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Rice weevils are pests of stored grain and seeds. It is a major pest of whole cereal grains. Weevils are tiny beetles that can infest grains and rice foods stored in your pantry, such as cake and biscuit mixes, pancake mixes, breakfast cereal, crackers, and more. Weevils can infest your food when female weevils have unnoticeably burrowed and laid eggs deep into the grain and rice kernels. Although infestation may be undetected at first, you may notice the tiny black beetles' weeks or months later after the eggs have hatched. There are steps you can take to prevent weevils from invading your pantry and infesting your other foods.



The adult rice weevil is 2.5 - 3.5 mm long and has a slender, hard-shelled body that appears pitted or scarred with tiny holes. They are brown-black in color and possess a long slender snout. Rarely flies, but climbs vertical surfaces. Rice weevils have four faint red-brown spots on the back of the abdomen.



Adults live 2-3 months. The egg, larva, and pupa stages of these weevils occur in the grain kernels and are rarely seen. Females drill a tiny hole in the grain kernel, deposit an egg in the cavity, then plug the hole with a gelatinous secretion. The egg hatches into a young larva which bores toward the center of the kernel, feeds, grows, and pupates there. New adults bore emergence holes from the inside, then leave to mate and begin a new generation. Female rice weevils lay between 300 to 400 eggs, with the life cycle requiring about 32 days for completion. Two larvae can develop in one wheat kernel.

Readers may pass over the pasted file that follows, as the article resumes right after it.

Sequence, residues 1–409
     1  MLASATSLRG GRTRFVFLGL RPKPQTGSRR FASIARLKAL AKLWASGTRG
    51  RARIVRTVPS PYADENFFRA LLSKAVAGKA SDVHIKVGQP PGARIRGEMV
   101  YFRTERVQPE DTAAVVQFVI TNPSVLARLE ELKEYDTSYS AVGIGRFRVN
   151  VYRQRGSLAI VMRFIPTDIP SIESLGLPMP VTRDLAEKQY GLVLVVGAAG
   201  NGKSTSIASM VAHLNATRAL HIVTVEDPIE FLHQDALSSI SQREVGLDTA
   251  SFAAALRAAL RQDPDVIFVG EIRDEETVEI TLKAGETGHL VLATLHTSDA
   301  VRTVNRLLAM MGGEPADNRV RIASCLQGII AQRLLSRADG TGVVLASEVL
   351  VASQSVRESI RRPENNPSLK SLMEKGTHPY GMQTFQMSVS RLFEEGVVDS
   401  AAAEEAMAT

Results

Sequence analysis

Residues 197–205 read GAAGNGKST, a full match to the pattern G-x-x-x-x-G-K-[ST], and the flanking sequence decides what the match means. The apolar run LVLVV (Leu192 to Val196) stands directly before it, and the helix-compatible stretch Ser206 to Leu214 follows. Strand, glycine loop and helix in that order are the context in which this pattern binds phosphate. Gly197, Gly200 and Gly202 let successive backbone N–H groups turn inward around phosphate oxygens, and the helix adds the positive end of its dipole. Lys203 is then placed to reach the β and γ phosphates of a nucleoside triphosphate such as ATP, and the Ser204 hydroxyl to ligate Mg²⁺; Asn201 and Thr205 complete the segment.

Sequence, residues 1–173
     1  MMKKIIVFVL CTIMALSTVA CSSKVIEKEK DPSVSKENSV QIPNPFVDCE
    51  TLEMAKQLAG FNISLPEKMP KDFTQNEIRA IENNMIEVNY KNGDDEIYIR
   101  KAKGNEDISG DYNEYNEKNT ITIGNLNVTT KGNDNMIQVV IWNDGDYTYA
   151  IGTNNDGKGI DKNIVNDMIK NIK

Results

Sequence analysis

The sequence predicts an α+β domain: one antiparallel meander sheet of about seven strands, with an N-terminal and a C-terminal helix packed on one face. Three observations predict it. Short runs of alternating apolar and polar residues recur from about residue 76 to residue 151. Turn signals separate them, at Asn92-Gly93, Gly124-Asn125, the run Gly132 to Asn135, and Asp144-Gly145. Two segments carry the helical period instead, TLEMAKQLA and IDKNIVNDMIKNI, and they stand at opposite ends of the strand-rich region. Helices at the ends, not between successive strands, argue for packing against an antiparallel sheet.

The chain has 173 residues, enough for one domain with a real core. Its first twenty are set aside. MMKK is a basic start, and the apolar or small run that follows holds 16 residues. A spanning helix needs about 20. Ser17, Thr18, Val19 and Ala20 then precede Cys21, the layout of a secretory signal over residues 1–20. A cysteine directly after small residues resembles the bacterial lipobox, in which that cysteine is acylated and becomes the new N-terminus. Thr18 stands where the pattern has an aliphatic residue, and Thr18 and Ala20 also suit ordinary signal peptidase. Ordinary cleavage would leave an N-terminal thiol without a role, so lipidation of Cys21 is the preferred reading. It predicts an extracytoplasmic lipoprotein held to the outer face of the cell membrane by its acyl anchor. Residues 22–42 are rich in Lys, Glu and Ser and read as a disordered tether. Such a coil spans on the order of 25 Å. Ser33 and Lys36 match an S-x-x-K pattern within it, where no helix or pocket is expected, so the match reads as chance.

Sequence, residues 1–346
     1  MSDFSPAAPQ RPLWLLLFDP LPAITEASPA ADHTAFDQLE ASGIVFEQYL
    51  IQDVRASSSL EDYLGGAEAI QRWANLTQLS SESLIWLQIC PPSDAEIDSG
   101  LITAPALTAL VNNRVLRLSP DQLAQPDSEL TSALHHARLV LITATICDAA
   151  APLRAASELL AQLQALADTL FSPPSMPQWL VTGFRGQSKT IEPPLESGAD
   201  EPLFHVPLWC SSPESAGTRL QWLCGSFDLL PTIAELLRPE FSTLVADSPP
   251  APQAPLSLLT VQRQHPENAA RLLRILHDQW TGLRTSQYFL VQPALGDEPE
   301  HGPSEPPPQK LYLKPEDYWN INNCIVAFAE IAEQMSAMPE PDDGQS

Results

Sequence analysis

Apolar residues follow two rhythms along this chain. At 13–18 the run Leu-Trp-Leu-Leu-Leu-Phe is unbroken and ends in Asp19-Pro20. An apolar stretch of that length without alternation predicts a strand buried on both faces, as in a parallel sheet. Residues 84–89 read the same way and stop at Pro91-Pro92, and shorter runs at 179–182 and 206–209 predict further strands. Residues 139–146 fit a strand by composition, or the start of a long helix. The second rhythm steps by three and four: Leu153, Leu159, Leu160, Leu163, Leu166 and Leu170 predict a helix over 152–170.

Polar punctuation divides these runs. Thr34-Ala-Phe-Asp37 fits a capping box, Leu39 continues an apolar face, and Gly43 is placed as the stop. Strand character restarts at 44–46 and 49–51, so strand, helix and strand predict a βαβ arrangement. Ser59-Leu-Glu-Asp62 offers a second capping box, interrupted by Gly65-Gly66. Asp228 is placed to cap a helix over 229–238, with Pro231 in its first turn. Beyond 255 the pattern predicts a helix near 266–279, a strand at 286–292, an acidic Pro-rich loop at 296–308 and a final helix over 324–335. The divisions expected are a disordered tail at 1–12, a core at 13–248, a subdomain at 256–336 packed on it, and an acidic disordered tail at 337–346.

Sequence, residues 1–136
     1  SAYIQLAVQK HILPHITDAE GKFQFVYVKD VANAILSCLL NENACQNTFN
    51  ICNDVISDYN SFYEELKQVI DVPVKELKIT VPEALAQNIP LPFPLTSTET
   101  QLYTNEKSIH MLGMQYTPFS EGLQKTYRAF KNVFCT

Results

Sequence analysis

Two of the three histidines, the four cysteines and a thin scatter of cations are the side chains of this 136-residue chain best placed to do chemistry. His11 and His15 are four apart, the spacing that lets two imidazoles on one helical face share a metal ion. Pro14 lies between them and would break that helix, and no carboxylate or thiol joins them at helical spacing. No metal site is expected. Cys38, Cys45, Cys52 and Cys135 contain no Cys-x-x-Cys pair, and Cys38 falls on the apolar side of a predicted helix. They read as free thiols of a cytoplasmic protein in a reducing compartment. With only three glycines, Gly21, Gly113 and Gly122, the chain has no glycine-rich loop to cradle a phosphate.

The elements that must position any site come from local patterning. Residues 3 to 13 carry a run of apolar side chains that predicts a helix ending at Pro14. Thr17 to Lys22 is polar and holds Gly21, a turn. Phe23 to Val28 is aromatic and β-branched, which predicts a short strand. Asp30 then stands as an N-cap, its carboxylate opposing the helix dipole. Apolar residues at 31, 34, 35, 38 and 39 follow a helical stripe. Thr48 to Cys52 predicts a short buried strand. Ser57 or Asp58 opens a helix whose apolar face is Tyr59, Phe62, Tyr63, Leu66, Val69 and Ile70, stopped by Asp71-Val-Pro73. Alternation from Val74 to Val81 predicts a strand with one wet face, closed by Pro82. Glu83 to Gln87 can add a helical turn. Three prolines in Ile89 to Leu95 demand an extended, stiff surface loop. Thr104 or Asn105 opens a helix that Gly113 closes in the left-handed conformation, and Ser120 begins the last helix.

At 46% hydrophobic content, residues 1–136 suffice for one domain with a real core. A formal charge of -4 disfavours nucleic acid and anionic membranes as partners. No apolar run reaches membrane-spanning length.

The adults can feign death by drawing up their legs close to the body, falling, and remaining silent when disturbed. Emergence holes of the rice weevil are smaller than those of the granary weevil, and tend to be smooth and round. There is generally no external evidence that the larvae have been eating and growing inside the seed until after about one month when the adult weevil chews through the seed coat and emerges. Under warm conditions or when grain is moved rice weevils are often observed climbing out of grain up vertical surfaces.


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